But, suddenly, as what remains of the antiwar movement stands on the verge of getting at least the beginning of what it wants–an exit–it seemingly intends to put Meyerson’s thesis to the test. In what one conservative blogger aptly termed “a gift from the gods,” Jane Fonda decided last week that patriotic duty compels her to speak out against the Iraq war around the country. Not long ago, Fonda told Lesley Stahl on “60 Minutes” that she “will go to my grave regretting” the infamous 1972 photograph of her seated in a North Vietnamese anti-aircraft gun. The source of her regret is somewhat cloudy, though. She writes in My Life So Far that she carries “heavy in my heart” the appearance she gave to U.S. combat personnel that she had “become their enemy.” But she also laments the fact that “I have paid and continue to pay a heavy price” for sitting in the gun. And how she’s paid! She told the Associated Press last week, “I have not taken a stand on any war since Vietnam,” from which she carries “a lot of baggage.” Evidently, Fonda’s baggage–the fact that her name evokes images many Americans consider treasonous–has denied her the joy of protesting for too long. Of her antiwar road trip, she says, “It’s going to be pretty exciting.” Only for Karl Rove–whom another right-wing blogger gleefully speculated was behind Fonda’s newfound outspokenness. Please, ma’am, if you really care about ending the occupation, do everyone a favor and shut up.
But Fonda is merely a sybaritic narcissist. George Galloway is an evil man. In his recent book, I’m Not The Only One, Galloway, a member of Britain’s parliament, refers to the thousands of Iraqi Shia murdered by Saddam Hussein as a “fifth column” that “undermined the Iraqi war effort in the interests of their country’s enemy.” He approves of how “Saddam plotted Iraq’s own Great Leap Forward.” All this and more was too much for a reviewer in The Independent, the left-wing British daily, who wrote, “All those who denied that Galloway has mutated into a Saddamist will have to recant.” (Oh, and he may have personally profited from Saddam’s manipulation of the Oil-For-Food program, but that’s unproven.) Yet when Galloway trekked to Capitol Hill in May to deliver a rococo indictment of the Iraq war by way of personal exculpation before the Senate Oil-For-Food panel, many liberals heard all they needed to hear out of his apologist’s mouth. A column in The Nation heralded, “Mr. Galloway Goes To Washington,” as if a man who called Saddam’s 1991 slaughter of the Shia a “civil war” was Jimmy Stewart. Never mind that Galloway also attacked Senator Carl Levin, one of the most prominent antiwar Democrats.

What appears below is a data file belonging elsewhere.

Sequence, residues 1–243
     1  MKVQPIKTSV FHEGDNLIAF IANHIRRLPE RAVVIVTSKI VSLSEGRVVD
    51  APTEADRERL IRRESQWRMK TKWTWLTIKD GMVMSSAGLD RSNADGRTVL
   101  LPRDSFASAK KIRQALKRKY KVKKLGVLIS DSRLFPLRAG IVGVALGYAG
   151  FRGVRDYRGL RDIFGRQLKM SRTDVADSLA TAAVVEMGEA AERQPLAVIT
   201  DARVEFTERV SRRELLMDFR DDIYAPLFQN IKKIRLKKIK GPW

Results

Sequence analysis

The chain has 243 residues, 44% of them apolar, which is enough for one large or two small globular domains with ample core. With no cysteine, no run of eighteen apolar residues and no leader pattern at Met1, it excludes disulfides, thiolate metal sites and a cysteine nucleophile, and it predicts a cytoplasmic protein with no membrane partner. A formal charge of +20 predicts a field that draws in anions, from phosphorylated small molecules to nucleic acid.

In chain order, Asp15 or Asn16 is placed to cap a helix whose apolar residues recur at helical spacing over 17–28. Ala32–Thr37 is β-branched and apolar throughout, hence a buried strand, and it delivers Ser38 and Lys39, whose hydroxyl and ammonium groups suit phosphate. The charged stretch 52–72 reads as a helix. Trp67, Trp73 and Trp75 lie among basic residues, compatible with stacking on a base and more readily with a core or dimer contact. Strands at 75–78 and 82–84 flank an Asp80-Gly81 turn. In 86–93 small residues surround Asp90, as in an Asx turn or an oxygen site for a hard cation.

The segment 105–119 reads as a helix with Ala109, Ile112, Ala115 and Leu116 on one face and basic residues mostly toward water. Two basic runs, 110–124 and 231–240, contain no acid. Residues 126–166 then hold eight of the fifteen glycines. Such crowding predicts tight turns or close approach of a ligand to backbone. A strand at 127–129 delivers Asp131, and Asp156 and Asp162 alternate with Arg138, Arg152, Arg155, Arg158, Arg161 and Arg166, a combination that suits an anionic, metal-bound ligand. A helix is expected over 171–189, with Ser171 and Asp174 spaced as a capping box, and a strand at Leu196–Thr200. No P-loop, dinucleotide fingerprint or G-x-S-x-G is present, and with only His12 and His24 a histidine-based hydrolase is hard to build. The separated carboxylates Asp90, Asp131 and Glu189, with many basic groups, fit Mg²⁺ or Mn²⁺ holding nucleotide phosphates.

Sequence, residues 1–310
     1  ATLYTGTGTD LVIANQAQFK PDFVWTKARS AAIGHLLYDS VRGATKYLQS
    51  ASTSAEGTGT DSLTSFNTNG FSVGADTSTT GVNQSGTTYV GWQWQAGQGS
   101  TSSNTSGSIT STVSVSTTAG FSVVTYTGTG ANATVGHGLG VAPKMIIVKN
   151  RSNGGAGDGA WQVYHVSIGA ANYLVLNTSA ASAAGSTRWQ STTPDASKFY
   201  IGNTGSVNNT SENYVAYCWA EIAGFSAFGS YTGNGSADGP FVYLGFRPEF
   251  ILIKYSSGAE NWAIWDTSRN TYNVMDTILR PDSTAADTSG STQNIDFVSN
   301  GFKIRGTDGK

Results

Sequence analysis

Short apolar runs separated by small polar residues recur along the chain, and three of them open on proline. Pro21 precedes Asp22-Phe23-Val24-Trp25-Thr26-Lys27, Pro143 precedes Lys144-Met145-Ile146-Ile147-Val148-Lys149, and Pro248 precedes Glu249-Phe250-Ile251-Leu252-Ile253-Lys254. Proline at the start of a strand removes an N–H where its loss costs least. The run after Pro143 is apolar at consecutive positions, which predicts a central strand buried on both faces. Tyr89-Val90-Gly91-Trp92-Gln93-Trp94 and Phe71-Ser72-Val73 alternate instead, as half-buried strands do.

Galloway is a disgrace in the U.K., but the leftist euphoria that greeted his testimony has afforded him a new opportunity for prestige. Next month, he’s planning a speaking tour of the United States, at which, according to The New York Times, a man who shrugs at war crimes plans on “challenging Americans to challenge their leaders more forcefully.” Fonda presents the antiwar movement with a political test, but Galloway presents it with a moral one. The moral onus is still on the supporters of the Iraq disaster. But those who oppose the war should be able to say that no solidarity is possible with someone who would defend a man who filled mass graves. I don’t believe for a minute that there are more than a handful out of the millions of war opponents who truly think kind thoughts about Saddam Hussein, and so ignoring Galloway’s vanity trip–or, better yet, telling him to get on the next plane out of the country–is an excellent opportunity to reverse the dynamic Meyerson noted. Of course, even if Fonda and Galloway are greeted by cheering hordes, it probably won’t cause a groundswell of support for the war. But why tempt fate?